This week we formulate our rankings with a view to who are the elite scrum-halves in world rugby at the moment. In a position where consistency at the highest level is seemingly hard to come by, the Top 5 could have potentially changed on numerous occasions throughout the course of the season.
But with the European season now at an end we decided we would take a dig at outlining who reigns atop the number nine elite in the world.
The stock of Rhys Webb had been rising considerably prior to a serious foot injury which had ruled him out for a significant portion of the season just passed. However when fully fit the Osprey has displayed on-field performances indicative of his evolution as a scrum-half thus becoming a mainstay for the Welsh number nine jersey.
Webb possesses all the acute characteristics and wherewithal of an elite scrum-half as he has become proficient in leading opposing players astray around the breakdown and in capitalising to run in some crafty tries. Webb will be very much looking to put his injury behind him and push on to have a strong 2016/17 season in order to state his claim for the starting Lions scrum-half position.
Ruan Piennar has been one of the world’s elite scrum-halves for quite some time now. Since moving to Belfast the 31-year world cup winner has shown time-and-time again his international standing and worth. Such is his renowned quality, much interest has been generated from right across Europe’s money-laden clubs with the likes of Toulon making an offer for the South African.
However, much to the delight of Ulster fans, Pienaar has committed his future to the northern province who will have genuine title ambitions next season on both a European and domestic front having assembled a squad of real class; with Pienaar right at the fore.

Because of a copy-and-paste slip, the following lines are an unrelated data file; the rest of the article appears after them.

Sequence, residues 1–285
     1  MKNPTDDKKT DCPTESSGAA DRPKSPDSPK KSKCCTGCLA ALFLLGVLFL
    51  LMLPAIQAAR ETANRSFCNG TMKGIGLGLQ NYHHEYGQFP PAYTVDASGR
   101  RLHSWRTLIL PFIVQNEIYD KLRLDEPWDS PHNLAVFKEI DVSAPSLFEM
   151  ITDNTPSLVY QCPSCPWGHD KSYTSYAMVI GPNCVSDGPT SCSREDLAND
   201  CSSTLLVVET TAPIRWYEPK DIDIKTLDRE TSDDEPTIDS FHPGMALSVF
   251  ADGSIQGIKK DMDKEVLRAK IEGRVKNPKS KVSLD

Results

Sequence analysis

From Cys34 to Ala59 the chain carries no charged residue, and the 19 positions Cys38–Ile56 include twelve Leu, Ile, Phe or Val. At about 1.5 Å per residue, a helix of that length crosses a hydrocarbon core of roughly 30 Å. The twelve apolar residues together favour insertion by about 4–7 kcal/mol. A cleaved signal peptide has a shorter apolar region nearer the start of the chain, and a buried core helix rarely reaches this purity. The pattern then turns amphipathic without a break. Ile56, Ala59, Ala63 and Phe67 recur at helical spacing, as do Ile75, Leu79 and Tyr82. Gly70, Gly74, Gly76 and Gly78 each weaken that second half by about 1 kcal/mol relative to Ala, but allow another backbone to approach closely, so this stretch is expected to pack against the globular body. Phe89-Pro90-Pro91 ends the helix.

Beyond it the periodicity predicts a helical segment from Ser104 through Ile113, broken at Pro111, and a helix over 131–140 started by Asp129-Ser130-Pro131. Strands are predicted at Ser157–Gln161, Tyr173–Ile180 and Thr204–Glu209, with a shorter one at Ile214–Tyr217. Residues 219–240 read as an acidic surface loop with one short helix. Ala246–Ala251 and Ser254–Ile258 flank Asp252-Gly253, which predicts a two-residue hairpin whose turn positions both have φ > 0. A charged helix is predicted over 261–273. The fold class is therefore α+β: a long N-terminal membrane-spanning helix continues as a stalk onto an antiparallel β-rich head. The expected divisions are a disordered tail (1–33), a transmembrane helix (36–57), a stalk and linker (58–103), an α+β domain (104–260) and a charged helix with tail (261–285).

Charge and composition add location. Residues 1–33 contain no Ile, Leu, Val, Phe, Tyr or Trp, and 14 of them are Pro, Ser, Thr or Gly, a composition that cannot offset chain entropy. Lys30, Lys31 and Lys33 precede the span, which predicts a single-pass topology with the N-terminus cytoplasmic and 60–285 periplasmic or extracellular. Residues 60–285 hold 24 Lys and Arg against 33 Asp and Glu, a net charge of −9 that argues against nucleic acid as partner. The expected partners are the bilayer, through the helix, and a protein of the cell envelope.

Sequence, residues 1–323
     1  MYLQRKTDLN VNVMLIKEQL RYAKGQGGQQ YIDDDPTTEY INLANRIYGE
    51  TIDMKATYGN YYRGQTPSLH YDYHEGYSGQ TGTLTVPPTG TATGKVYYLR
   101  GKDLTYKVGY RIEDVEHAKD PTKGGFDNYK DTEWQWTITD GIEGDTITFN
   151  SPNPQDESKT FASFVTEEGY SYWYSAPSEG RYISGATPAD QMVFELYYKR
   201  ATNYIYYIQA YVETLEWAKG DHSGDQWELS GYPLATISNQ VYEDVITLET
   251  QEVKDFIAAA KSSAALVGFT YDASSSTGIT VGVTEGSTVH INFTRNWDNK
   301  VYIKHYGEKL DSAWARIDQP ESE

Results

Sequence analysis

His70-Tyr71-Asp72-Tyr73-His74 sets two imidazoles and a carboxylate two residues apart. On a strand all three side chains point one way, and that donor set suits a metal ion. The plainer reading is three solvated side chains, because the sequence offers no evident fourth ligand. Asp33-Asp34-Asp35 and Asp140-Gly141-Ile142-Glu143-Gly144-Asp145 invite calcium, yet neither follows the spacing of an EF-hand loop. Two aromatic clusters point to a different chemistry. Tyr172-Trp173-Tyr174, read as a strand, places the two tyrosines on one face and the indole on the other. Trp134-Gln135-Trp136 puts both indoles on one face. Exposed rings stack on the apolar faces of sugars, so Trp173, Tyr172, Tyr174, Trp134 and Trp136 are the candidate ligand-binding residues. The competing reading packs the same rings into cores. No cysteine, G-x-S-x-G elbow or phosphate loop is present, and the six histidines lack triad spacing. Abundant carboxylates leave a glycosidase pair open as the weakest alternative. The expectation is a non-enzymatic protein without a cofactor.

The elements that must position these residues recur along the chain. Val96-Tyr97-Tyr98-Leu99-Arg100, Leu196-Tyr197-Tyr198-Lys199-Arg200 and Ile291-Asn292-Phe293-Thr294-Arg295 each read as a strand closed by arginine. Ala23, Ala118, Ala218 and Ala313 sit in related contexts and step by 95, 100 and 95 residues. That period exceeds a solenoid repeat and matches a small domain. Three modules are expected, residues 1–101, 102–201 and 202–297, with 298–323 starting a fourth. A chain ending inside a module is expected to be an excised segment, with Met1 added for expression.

26-year old Ben Youngs is a very smooth operator at the rear of both the Leicester Tigers and England scrums. It would seem that the 61-times capped England international is currently ahead of Danny Care in the England set-up and if recent form is anything to go by, then it would appear that things will remain that way in Eddie Jones’ squad over the foreseeable future.
As the son of a former Leicester scrum-half, the intricacies of the position are in his blood with few players more adept in the position than Youngs.
The Limerick native has emerged as one of the genuine leaders in both the Munster and Ireland squads over the last number of seasons, and such is his worth to Munster that any injury, or even departure (dare we mention such a harrowing prospect) from the Irish province would leave the side’s already challenging prospects in serious jeopardy.
Murray has mastered the box kick to such sheer precision that it has become one of Joe Schmidt’s predominant tools in Ireland’s attacking arsenal and has aided in Ireland’s success of two successive 6 Nations triumphs. Murray also provides a physical element with ball in hand, has an eye for the try line when presented with a chance and commands the back line with superiority.
If the British and Irish Lions were to play their first test with New Zealand tomorrow, Murray would be a shoe in for the starting number nine position.
Such is Smith’s importance to the All Blacks that he has somewhat subsided the authority of back play from the out-half position to number nine.
The speed, range and precision of his passing is key to how New Zealand play in opening defences for no-one exploits space quite like the world champions do. It is well known amongst opposing sides the degree of success you will enjoy against the world champions depends on how well Smith’s input can be tamed.
Read More About: aaron smith, All Blacks, ben youngs, British and Irish lions, conor murray, England, Ireland, leicester tigers, Lions, Munster, new zealand, Ospreys, rhys webb, ruan pienaar, rugby union, Top 5, ulster, Wales